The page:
Friday, October 28, 2016

Pain Walks the Streets of Our Cities

The Door Closes on yet Another Life
Tears brim in my eyes, ready to fall away and spill down my face. I found out on social media early this morning that a friend lost her son. Someone said his death was addiction related. She lost her aunt and mother not long ago, and a few years ago, she lost her soul mate. I feel so broken for her. She is sweet and tender and sensitive. She adored her son.
I wish I could do something, anything. I know I can pray, but even that feels hollow, lacking substance. I hate it that yet another life has been cut short because of this vile affliction.
It grates when I think of the millions and millions and millions wasted on this dumb-ass election—not only this sleazy sideshow of a presidential election, but all the offices, from mosquito control officer on up. That’s the true evil in this country. And we have people in Congress who have made it their purpose to do nothing except support the companies who keep drugs on the streets and the insurance companies that deny addiction treatment services to all those except the wealthy. And, unlike some things, support for Big Pharma is bipartisan. They all line their pockets with their foul gains.
Meanwhile, people are dying, like my friend’s son, for lack of treatment. People are suffering. Families and societies—counties, states, our entire country—we’re all affected by the pain of this current system.
And that pain seeps out of the space in those pockets where money hasn’t crowded it aside. That pain walks the streets of our cities. That pain rides in ambulances to emergency rooms. That pain escapes in the sighs and groans of an EMT when Narcan fails to work. That pain sits in the living rooms and at the kitchen tables of thousands of families who are brought to their knees in grief. That pain streams from my pen as I write these words.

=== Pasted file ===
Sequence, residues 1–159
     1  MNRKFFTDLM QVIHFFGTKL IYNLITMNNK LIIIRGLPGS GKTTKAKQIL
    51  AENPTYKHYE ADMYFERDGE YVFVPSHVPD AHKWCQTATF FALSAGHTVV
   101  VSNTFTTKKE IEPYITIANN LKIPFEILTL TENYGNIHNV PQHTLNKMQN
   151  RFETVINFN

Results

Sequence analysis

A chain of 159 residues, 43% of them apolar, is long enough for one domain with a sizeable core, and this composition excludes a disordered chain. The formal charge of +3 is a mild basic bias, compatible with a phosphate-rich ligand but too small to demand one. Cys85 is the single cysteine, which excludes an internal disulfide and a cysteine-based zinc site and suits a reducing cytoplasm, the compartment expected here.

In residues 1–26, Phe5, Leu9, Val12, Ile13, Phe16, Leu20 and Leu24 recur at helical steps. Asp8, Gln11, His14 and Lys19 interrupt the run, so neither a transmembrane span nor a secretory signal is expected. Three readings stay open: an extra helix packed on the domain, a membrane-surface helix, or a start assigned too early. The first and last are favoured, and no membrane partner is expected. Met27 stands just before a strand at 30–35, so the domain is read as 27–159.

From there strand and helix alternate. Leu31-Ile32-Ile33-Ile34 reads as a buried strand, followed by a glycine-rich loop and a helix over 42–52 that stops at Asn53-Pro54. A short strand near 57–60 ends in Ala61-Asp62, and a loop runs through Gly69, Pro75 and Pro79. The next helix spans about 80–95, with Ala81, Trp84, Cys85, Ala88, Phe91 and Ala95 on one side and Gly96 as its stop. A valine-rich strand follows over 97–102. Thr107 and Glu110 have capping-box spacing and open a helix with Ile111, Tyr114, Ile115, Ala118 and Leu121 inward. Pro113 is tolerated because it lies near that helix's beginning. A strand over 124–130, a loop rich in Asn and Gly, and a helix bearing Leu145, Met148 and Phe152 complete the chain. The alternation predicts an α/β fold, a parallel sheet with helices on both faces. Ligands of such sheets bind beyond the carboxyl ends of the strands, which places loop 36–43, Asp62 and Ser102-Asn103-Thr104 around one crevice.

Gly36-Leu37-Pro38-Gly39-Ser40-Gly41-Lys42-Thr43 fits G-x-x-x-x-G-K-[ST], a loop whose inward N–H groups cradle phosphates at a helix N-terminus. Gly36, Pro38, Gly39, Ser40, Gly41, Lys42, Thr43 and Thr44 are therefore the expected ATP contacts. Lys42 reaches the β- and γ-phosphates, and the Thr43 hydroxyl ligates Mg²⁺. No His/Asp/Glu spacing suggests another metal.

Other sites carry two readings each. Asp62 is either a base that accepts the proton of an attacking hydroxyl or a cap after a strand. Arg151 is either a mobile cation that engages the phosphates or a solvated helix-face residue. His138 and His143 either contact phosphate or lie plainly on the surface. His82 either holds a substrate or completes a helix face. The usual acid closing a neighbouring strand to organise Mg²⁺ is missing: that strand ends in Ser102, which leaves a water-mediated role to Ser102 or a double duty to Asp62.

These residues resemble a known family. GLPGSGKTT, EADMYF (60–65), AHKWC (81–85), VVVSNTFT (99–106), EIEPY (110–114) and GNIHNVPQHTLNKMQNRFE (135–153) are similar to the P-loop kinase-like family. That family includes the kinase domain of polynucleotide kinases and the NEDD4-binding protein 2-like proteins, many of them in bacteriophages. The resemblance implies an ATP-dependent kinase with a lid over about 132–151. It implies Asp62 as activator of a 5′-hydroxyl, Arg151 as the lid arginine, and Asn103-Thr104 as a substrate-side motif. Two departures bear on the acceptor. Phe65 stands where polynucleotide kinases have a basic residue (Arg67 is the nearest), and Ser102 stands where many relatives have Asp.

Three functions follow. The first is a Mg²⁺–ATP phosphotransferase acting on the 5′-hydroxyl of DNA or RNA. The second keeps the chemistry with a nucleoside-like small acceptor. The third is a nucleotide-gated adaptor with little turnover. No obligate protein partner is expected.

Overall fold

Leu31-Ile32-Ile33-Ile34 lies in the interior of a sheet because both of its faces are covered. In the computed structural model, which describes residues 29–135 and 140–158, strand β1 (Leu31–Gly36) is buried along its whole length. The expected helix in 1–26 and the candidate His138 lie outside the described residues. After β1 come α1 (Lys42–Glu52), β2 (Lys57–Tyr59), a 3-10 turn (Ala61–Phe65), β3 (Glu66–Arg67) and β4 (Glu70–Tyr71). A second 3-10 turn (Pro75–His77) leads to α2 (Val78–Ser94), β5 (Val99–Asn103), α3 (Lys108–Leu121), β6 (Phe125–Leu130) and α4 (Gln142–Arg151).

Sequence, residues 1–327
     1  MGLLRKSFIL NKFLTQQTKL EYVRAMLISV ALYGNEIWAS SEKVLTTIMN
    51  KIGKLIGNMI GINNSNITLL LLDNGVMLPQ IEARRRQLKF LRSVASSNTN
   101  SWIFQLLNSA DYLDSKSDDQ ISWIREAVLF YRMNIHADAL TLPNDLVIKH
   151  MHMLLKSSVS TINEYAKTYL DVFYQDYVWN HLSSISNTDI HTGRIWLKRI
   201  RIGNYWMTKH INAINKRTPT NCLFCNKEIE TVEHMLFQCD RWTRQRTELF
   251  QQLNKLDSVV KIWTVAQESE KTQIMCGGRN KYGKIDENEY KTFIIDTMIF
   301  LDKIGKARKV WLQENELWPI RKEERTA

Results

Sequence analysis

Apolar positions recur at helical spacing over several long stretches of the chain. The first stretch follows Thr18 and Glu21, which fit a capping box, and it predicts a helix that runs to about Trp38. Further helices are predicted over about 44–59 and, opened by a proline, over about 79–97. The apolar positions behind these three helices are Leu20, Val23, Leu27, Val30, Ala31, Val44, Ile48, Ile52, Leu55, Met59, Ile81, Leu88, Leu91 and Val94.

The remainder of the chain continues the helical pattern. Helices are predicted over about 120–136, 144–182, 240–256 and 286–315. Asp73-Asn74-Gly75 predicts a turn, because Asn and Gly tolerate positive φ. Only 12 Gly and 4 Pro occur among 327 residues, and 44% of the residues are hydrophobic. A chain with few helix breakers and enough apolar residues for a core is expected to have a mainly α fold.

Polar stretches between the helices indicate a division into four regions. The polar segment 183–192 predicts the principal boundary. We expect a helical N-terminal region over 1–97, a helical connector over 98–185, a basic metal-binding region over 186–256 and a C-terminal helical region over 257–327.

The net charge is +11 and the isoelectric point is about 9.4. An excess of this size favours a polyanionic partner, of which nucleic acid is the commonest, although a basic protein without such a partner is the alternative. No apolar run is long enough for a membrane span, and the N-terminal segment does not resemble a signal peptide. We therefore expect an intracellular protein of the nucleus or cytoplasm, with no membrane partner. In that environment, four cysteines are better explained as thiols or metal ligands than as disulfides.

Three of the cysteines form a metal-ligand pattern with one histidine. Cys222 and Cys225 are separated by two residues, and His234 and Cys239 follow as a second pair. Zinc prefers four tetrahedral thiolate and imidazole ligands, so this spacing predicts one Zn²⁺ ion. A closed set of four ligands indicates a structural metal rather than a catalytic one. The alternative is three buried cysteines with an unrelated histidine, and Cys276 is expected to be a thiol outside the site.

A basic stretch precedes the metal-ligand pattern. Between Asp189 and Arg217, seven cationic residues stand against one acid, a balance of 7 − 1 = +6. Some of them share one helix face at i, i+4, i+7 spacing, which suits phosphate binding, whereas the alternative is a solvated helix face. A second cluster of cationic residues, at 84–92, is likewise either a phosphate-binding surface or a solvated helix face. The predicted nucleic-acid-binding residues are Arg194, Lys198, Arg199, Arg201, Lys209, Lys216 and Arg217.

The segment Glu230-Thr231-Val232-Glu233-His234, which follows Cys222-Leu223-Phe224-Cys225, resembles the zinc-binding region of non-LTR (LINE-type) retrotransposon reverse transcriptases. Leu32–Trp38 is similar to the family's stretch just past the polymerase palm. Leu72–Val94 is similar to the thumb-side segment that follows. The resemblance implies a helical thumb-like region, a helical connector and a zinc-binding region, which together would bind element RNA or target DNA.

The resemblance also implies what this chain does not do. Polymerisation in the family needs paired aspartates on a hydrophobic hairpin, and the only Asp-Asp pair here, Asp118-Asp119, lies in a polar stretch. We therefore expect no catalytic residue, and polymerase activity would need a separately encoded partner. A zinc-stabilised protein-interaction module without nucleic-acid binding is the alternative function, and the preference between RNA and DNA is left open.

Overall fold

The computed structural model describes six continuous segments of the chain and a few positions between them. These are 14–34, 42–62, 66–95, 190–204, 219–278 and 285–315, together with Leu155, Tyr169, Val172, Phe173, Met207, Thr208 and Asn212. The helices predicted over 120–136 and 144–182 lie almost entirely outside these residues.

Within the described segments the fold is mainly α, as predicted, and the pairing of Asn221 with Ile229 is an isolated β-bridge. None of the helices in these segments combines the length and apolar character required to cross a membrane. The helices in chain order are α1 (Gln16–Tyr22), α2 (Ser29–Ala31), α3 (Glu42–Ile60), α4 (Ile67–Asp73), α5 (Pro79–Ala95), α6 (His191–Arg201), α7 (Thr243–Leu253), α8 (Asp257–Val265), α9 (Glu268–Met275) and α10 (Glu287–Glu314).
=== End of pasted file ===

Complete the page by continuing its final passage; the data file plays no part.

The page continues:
That pain is compounded by the frustration of those who desperately want to close the door on addiction and say goodbye to it. That pain sears the psyches and hearts of those who instead say a different, gut-wrenching goodbye as the door is closed on yet another life.
That pain is echoed in the futility I feel and the frustration I feel. What—just what—are the priorities in our country? I don’t know what to do to fix this skewed, screwed system of ours regarding the most important assets of our country—our people, our youth, anyone who is suffering.
I tell myself to breathe, that I can do some things. I can make my voice heard by letters, e-mails, phone calls, And, I can do the most important thing: offer comfort to my friend and do whatever I can to ease her pain of saying goodbye.

No comments:

Post a Comment